Needless to say, they were not leaving us unsupervised at Diamond Tooth Gertie’s Gambling Hall, “The northernmost casino in the world.” Soon we were back on Main Street and began exploring the rest of the town taking in lots of culture and history.
“Anyone seen Buck?” one of the ladies asked.
“Wonder if he’s still at Gertie’s?” someone else asked.
“I believe he’s at the museum,” I responded. I really knew where he was!
Later, we heard there was a salmon bake down on the river that very night. We arrived at the dock and soon found you had to take a small riverboat, the Yukon Lou, to an island up river for the dinner. As we boarded the ship, someone commented, “Hey look at the Captain. He really looks the part.”
I glanced again at the gruff old seaman standing behind the Helm. His full beard, weathered face and gray hair told a story of some rough days. He’d worn his oversized Navy pea coat coming aboard, dark blue pants and heavy boots.
We weren’t sure but from the squint in his eyes, he seemed to be smiling.
“Looks the part? He is the part!” I said.
Later on, while underway, we did get to visit with him and got to hear a couple of great River Boat tales from his earlier years.
Evidently he was an experienced River Boat Captain in that he did a great job negotiating the radical currents of the river. Along the way, he pointed out and named several shipwrecks strewn along the banks. What an awesome sight.
Can you imagine that on those River Boats how much life was lived, how many stories remain untold, the emotion, the excitement, the horror of having such a disaster on your watch?
There are many in Dawson City I’m sure that can fill you in on the history of the place, including stories of these shipwrecks, possibly through eyewitness reports.
After an hour or so on the paddle wheeler, we arrived at our destination. He carefully nosed the boat up to the shore of a heavily treed island.
The crew threw out the anchors and lowered the three-foot-wide gangway onto the river bank. Adventure anyone? This river’s moving fast!
Very carefully, we all walked the plank, so to speak, onto this remote island in the middle of the Yukon River. No one knew exactly what to expect. However, we were pleasantly surprised and relieved to see a very large, rustic kitchen, all outdoors of course, along with tables enough for our large group. The meal, a wonderful outdoor salmon bake, was filling and unbelievably delicious.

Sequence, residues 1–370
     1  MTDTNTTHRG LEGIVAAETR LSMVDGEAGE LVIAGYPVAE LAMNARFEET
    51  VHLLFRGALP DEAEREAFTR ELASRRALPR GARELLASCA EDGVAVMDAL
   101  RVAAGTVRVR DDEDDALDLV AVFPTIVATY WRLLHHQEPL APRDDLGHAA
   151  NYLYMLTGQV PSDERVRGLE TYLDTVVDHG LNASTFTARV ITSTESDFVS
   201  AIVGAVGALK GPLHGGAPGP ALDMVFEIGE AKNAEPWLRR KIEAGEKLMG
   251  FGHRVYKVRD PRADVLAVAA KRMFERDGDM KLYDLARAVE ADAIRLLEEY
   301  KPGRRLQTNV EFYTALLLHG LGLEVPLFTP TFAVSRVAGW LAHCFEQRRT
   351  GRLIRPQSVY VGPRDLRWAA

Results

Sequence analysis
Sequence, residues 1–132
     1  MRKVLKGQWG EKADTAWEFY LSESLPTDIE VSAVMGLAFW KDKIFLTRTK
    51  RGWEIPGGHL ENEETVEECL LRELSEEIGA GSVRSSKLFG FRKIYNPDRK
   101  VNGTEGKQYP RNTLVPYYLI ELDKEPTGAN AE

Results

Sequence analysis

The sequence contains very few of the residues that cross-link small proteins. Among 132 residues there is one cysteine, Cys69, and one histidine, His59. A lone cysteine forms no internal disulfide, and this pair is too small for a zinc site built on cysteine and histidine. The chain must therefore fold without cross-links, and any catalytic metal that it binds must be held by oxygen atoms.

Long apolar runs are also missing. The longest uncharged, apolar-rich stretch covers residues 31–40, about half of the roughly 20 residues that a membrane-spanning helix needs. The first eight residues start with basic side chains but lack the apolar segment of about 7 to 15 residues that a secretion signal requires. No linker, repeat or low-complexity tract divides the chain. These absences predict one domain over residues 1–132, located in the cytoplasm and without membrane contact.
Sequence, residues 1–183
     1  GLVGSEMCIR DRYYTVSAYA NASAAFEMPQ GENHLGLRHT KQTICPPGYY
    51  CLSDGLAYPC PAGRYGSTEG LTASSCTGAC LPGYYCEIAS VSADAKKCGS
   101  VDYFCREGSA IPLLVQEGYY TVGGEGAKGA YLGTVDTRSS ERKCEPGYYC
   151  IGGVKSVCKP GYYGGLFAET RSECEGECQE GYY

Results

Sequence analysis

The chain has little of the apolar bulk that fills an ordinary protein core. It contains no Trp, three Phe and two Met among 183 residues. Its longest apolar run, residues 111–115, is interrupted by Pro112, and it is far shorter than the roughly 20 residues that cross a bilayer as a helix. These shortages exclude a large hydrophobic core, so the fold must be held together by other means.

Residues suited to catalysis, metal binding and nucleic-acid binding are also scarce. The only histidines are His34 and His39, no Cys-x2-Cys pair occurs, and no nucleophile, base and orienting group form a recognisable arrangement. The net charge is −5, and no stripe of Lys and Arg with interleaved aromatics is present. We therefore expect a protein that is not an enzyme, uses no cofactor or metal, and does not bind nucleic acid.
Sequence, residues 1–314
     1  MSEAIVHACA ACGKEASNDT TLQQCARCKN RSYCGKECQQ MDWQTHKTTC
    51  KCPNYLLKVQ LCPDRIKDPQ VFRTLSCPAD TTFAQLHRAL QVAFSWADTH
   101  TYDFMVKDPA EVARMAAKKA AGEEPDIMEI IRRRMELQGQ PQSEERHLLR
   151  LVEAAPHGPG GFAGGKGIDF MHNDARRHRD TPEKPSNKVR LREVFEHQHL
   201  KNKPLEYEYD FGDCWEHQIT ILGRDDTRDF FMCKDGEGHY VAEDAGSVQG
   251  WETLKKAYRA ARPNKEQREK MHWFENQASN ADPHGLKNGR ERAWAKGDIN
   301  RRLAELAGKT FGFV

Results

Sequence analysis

Afterwards, we had another hour or so to explore more of the island. We discovered remnants of shipwrecks, various pieces of heavy equipment and other signs of previous inhabitants.
Captain Tony’s wondering what it must have been like in the old, old days.
He’s a long way from his home in Atlanta, Georgia!
Another site found along the shore of the mighty Yukon River…
Native American Fish Wheel used for catching salmon. Yes, they were here first and were quite industrious in their efforts.
The trip back down river was a little faster than our trip up of course and it felt good to be in sight of the city once again. As we departed the ship, we all thanked the captain of the Yukon Lou for a safe and wonderful journey.
After a couple of great days exploring Dawson City and the surrounding area, we began our journey home. The weather was good. Buck led the way.
Everyone had a lot of fun actually using our aircraft to go somewhere as unique and exciting as Dawson City, Yukon Territory. We had learned a little about the Klondike and had an awesome, incredible experience.
If you want a great adventure book a flight or River Boat to Dawson City in the Yukon Territory! You may touch the soul of some very hardy pioneers!
Always update your information about any location. This trip was some time back and some things have probably changed. The awesome scenery probably not.
Captain Tony Boyd Priest
Pilot, Adventurer, Writer
“Too many stories to tell so I began writing books.”
This trip from Anchorage to Dawson City was an excerpt from Captain Tony’s Book –
Call Sign – ‘Iceman’ –
An Alaskan Aviation Adventure.
For more great tales of Alaska Flying Adventures take a look at these great books at Amazon.com.
Tony is a Vietnam Combat Veteran turned Pilot and Flight Instructor with 11 years flying in Alaska. He’s flown 28,000 hours in practically every thing from Super Cubs to Jets and flown throughout the U.S., Canada, Caribbean, Dominican Republic, and West Indies. He has more than 350 Medevac Missions primarily in Alaska, is a current Flight Instructor today and continues to write.
We’re excited to check out his latest book about the pristine Prince William Sound!
Tony and Judy Priest
Judy Glavosek Priest
Air Tran Airlines, Travel Agent, Adventurer, Writer and Flight Attendant
“I like the Caribbean Stories best because I was There!”
Judy has tons of experience both as a Travel Agent and as a Flight Attendant working with various companies and aircraft. Her favorite stories seem to come from travel into the Caribbean, West Indies, and the Gulf of Mexico. Hmmm… All warm climates. There’s plenty to come! Judy, a published author as well, adds a feminine touch and perspective to many of their stories together.